Mutual respect makes the world go round in business. That said, we’ve all felt it at some point in a typical working year where respect seems to go out of the window! Here the team from Salt explore how to identify sub-standard behaviour and what you can do about it.

Mutual respect makes the world go round in business.

That said, we’ve all felt it at some point in a typical working year where respect seems to go out of the window! Many of us work in industries where we’re providing services as a consultancy or vendor. When managing a customer, or stakeholder within a client, it’s essential to accept the reality of this dynamic. We have to do the convincing and there is that ‘dragon’s den’ style expectation to get things right and be open to scrutiny. The same point may also apply to an MNC setting where you have a customer-vendor dynamic across stakeholder groups internationally.

Whilst we have to be patient, resilient and service-minded, sometimes, just sometimes, the communication standard may fall below a level we are comfortable with at a human level. Now this may be a subjective point based on the situation and individuals concerned, but there are basic human standards of civility that are quite objective and I’d like to draw attention to where the line is and call upon a collective business responsibility to address and resolve.

It’s in the nature of business that we all have to accept the need to be objective. It’s competitive and tough decisions have to be made and the onus is on the service provider to manage and accept the pressure of this accordingly. Where our service or idea is not adopted, we must consider, in constructive terms, about how we can improve to win the opportunity next time or build enhancements into what we are offering. Better still, perhaps feedback is forthcoming and we can actually implement these ideas into our product and services and use this to move our business forward. Or maybe it’s just clear to us we didn’t live up to the billing and we need to ‘take one on the chin’.

In all of this, there is one thing we should afford ourselves and this is an axiomatic truth. There is a boundary around what is acceptable and what is not. Superiority and hierarchy do not come into it as we are all entitled basic levels of respect in business. Call it a ‘rule of the dojo’ – you bow when you enter and you treat the forum with respect and this applies equally to customers and service providers in any industry of any sort. Of course, it’s up to the service provider to behave in a professional manner and if standards of conduct slip on their part then they would have to accept the consequences.

In my view, we need to get good at spotting when standards slip below what is acceptable and managing an effective set of responses to this. To start I will provide 3 examples.

Disrespectful language: Where customers adopt unhealthy, abusive language that falls below acceptable professional standards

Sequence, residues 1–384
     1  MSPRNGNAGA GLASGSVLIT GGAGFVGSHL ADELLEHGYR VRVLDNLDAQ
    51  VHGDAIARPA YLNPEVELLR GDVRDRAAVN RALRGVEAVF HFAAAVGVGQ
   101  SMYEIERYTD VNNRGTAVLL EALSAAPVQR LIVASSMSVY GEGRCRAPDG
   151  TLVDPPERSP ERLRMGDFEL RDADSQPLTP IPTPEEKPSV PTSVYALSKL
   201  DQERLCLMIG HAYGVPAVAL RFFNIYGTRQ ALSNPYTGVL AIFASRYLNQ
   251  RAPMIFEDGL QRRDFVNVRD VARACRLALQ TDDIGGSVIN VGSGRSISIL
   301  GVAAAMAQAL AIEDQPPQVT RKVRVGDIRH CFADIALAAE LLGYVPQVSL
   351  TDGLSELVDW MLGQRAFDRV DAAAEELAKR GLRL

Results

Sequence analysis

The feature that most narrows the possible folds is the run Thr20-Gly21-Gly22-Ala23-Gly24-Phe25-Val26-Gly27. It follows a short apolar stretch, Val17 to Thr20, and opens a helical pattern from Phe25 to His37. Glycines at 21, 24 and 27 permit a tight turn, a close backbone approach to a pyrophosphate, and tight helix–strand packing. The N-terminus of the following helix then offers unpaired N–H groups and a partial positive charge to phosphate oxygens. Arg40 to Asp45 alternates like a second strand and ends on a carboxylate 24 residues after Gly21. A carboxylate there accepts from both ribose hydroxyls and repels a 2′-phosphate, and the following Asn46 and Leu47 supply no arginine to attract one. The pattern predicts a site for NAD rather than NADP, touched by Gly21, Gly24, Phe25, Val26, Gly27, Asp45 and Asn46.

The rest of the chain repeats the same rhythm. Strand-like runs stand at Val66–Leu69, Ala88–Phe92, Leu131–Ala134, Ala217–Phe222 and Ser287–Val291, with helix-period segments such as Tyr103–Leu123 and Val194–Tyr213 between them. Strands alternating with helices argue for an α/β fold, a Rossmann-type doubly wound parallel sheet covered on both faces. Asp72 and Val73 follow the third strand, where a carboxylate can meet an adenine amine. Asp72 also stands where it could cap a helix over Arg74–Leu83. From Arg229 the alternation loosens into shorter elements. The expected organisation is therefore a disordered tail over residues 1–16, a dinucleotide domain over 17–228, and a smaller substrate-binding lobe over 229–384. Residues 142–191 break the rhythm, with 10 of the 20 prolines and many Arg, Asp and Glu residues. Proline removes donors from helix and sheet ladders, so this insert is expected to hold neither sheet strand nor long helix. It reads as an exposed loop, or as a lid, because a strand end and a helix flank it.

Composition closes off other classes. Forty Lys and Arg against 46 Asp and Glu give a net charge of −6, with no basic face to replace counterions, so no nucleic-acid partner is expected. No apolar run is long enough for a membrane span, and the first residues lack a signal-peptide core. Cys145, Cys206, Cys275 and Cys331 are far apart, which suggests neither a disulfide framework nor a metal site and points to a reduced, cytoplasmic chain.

Ghosting: complete lack of response, where a service provider has invested time and energy and is therefore reasonably entitled to response and communication in return

Exploitation: where a service provider is taken commercial advantage of through unreasonable demands that are not in the mutual interests of the partnership

This will happen to all service providers at some point and we need to take a collective responsibility to 'call out' any behaviour that falls into the categories above. The business world is reciprocal and if we stand by and accept, then the bar is being lowered for all.

There are means of doing this and we must not exacerbate through coming down to the level of the perpetrator. It is necessary to structure your response along the following lines…

Isolate the behaviour: Seek to understand and define the issue based on the categories above and on an objective basis, can we point to a breach of professional standards;

Secure evidence: can we support our stance evidentially?;

Manage responses: whilst emotions are good such as passion and conviction, avoid resentment and anger coming to the equation and avoid sending email ‘reactions’. Consider and discuss the best tactical response possible and allow initial reactions to pass.

Escalate: who can we communicate the issue to who will appreciate and understand the issue within the customer setting?

Channel: how should we communicate the issue? Ultimately getting face to face with key influencers should be the goal. Again, avoid email where intentions can be misinterpreted and emotions can get in the way.

Be professional and go for gold: if you can gain face time with key 'influencers' and explain the issue calmly, isolate the problem, back up with evidence and show how this has harmed your business, you will be far more likely to secure a mutually acceptable outcome. This is especially if you can show you acted in good faith and the way things have gone is a missed opportunity for both of you.

The reality is that we can often turn negative situations into a positive one; this is the nature of human interaction. Most industry veterans will be able to recall examples of perceived conflicts that have led to stronger, more binding working relationships, built on enhanced mutual respect. Showing your customers or stakeholders that you value your own brand and staff will lead to better understanding between parties.

Of course, there are some situations you can’t win and there will always be some stakeholders and indeed companies that adopt a ‘speak to the hand’ attitude. Unfortunately for them, they will ultimately lose out, so by adopting the process above you will be able to filter out situations you should focus on from those that are simply a lost cause where you really aren’t losing out!